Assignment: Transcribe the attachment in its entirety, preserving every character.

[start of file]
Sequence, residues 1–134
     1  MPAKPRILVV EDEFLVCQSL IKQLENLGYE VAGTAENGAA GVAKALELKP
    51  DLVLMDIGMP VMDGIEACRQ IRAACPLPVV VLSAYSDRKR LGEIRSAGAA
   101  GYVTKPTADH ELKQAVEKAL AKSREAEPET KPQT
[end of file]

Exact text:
Sequence, residues 1–134
     1  MPAKPRILVV EDEFLVCQSL IKQLENLGYE VAGTAENGAA GVAKALELKP
    51  DLVLMDIGMP VMDGIEACRQ IRAACPLPVV VLSAYSDRKR LGEIRSAGAA
   101  GYVTKPTADH ELKQAVEKAL AKSREAEPET KPQT